Offering physical stores next to digital channels offers so much more possibilities for a company to meet the customer’s demand and trigger a true ‘wow’ experience. A few years ago, shops tend to complain about customers that came to physical stores to determine what to buy, but they bought the product online (often via cheaper online retailers). In recent years, however, ‘reverse showrooming’ is booming: customers analyze and compare online, but buy the product in a physical store.


Customer experience, however, is more than creating the ‘wow’ experience in a physical store. Customer service also influences a large part of the customer experience. A proper service should be a major focus of organizations since it can affect customer satisfaction in both ways. A lack of customer service will make your customers turn their backs on you, while most customers are willing to pay more for decent customer service. In that sense, physical store should focus on serving the customers instead of selling products.


To meet the customer’s demands in the best way possible, exploiting both physical and digital channels is appropriate. Online channels offer clear advantages for ordering products or comparing prices. Physical stores can be organized in some specific ways to offer a customer experience that digital channels cannot[4]:


  • Flagship store: Nicely designed shop where a significant amount of products (with a focus on the new ones) can be tested and experienced. In this shop, the customer should be amazed in each possible way.
  • Specialty store: Clearly dedicated store where a customer can get all the information, advice and special products he or she desires.
  • Service store: Only a few products can be bought in the service store, since the main focus is on personal advice, pick-ups, reparations and returns.
  • Outlet store: Special store to sell old collections at cheaper prices. This avoids large discounts on a website, which might reduce the brand image.
  • Pop-up store: A pop-up store offers an ideal way of testing the options of a physical store and meeting your customers in person. The pop-up store can create quite a buzz, which is favorable for the familiarity of the brand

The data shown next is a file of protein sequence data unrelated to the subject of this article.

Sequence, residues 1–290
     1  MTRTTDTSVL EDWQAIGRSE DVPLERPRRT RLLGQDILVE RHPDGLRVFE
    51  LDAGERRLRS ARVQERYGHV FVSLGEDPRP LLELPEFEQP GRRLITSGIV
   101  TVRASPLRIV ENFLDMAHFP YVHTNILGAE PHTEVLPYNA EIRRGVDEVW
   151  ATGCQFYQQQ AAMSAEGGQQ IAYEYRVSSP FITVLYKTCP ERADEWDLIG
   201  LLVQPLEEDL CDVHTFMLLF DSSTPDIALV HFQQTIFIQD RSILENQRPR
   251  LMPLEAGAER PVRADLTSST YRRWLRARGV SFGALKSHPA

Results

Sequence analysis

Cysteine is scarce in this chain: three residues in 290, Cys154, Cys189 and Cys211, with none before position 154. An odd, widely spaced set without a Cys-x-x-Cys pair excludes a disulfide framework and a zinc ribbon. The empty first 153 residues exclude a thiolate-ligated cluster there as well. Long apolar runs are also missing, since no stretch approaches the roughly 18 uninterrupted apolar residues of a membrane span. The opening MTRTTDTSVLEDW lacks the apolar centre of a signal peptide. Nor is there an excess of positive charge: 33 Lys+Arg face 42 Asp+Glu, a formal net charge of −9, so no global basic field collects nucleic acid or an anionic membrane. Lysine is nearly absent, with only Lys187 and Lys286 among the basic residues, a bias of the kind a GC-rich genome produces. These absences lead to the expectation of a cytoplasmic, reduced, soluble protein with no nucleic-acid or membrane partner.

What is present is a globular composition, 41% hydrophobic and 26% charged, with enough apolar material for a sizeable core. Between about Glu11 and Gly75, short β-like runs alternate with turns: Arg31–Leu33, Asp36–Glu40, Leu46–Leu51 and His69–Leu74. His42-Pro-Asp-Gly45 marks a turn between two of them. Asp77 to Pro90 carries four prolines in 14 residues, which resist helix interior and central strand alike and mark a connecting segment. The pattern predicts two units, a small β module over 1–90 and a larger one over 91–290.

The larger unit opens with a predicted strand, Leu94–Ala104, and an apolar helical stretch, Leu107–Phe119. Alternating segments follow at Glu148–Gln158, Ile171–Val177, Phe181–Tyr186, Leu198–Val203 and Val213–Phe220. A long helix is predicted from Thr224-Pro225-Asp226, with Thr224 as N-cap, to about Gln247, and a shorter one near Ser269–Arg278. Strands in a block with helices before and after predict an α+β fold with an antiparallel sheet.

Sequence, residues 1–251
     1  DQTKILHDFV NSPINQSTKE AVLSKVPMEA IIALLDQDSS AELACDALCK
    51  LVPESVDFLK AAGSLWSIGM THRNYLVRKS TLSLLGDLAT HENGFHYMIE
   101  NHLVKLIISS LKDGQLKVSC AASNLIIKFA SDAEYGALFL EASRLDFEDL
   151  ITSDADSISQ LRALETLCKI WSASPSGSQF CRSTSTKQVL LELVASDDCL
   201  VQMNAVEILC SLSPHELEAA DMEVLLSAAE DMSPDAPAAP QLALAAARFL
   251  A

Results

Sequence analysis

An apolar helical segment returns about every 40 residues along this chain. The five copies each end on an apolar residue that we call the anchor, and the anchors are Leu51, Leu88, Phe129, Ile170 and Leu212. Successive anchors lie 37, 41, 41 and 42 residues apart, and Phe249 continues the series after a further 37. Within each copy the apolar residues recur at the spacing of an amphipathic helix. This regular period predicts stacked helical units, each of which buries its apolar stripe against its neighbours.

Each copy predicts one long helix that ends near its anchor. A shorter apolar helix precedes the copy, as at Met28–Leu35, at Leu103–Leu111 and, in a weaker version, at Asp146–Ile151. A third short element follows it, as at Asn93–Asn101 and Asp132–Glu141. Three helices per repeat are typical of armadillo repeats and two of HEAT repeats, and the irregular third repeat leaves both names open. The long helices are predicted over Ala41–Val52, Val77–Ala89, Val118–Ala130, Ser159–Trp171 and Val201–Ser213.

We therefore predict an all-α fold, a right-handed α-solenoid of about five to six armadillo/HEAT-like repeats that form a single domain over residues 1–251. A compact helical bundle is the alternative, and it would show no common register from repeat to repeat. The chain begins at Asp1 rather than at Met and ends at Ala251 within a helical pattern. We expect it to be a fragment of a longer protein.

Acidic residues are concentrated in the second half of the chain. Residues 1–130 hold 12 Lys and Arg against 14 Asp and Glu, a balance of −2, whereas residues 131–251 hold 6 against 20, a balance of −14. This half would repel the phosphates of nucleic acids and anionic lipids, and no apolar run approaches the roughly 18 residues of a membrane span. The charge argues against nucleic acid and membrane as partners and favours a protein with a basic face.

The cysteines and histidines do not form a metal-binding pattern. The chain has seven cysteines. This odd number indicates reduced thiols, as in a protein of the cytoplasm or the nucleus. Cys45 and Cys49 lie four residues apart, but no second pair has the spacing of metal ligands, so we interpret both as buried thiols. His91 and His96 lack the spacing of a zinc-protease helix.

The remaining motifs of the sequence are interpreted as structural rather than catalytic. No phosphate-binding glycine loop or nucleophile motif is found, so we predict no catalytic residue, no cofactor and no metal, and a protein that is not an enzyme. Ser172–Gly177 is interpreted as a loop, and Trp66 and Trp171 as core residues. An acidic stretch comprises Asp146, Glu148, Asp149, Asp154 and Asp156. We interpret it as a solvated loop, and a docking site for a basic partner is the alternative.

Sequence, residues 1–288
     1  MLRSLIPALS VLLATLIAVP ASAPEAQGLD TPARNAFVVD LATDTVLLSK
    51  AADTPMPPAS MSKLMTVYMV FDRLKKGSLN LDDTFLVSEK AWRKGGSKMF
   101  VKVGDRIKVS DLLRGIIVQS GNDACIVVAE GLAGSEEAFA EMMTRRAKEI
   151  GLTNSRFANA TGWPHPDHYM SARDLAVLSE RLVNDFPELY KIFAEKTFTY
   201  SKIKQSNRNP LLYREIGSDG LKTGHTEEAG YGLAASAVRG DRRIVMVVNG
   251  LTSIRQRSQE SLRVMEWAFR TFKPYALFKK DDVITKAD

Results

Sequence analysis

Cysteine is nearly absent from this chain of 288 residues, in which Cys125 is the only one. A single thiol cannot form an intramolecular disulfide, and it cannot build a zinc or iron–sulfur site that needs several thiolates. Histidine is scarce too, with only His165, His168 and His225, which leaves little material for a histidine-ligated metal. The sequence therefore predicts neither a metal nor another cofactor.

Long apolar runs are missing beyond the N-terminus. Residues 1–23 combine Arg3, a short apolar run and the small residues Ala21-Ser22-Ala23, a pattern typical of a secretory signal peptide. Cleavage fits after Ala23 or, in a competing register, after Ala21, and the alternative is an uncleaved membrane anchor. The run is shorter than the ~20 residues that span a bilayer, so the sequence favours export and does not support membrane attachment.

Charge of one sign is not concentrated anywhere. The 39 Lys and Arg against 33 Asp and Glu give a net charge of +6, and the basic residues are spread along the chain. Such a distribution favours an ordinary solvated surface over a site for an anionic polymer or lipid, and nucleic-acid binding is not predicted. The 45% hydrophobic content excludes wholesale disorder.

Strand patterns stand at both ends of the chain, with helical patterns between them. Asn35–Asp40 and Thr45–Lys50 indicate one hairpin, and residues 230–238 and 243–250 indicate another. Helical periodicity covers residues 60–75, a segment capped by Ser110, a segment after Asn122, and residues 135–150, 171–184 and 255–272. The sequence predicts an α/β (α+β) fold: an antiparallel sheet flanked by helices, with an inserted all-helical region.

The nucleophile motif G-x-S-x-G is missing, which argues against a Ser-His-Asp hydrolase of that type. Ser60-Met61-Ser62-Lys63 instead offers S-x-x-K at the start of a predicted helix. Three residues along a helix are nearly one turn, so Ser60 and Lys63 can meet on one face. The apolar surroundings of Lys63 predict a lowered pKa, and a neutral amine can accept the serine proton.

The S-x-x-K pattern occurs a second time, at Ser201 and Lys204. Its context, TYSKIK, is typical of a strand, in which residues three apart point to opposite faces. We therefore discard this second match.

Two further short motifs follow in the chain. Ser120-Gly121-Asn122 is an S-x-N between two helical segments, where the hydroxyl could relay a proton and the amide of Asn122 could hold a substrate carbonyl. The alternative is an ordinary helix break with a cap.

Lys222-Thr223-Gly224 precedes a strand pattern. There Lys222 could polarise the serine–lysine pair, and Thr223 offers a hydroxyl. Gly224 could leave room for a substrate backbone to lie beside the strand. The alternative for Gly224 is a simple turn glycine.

At Möbius, we strongly believe in this win-win situation that can be created between online and offline channels. Together with our clients, we spend a lot of time understanding the customers and mapping the shopping journey they follow. Digital transformations, in our, opinion all start from ‘walk the customer talk’.  As we showed in this article, the physical and digital channels each have their own key benefits. It is absolutely crucial to know what your customers want, what they like about your current offering and what they would improve. Only then can a company determine which specific benefits a physical store can have over a digital channel and vice versa to determine the right balance between bricks & clicks.

Together with our clients, we at Möbius engage in this journey to discover the customer needs and we guide our clients in including all required aspects to be able to offer a true omnichannel experience.


Simon Wostyn
+32 479 51 32 12





The Net Promoter Score (NPS) vs Customer Effort Score (CES)

It’s been 14 years since the Net Promotor Score appeared in a scientific article as “The One Number You Need to Grow”. Today, there isn’t a boardroom meeting imaginable without the Net Promotor score (NPS) as important KPI. Nevertheless, the Customer Effort Score (CES) is increasingly gaining ground. The CES is quite a new metric that also addresses the relationship between customer satisfaction and loyalty. Both metrics have their pros and cons. When do we need to use which metric? And is it really necessary to choose?

The Net Promoter Score – NPS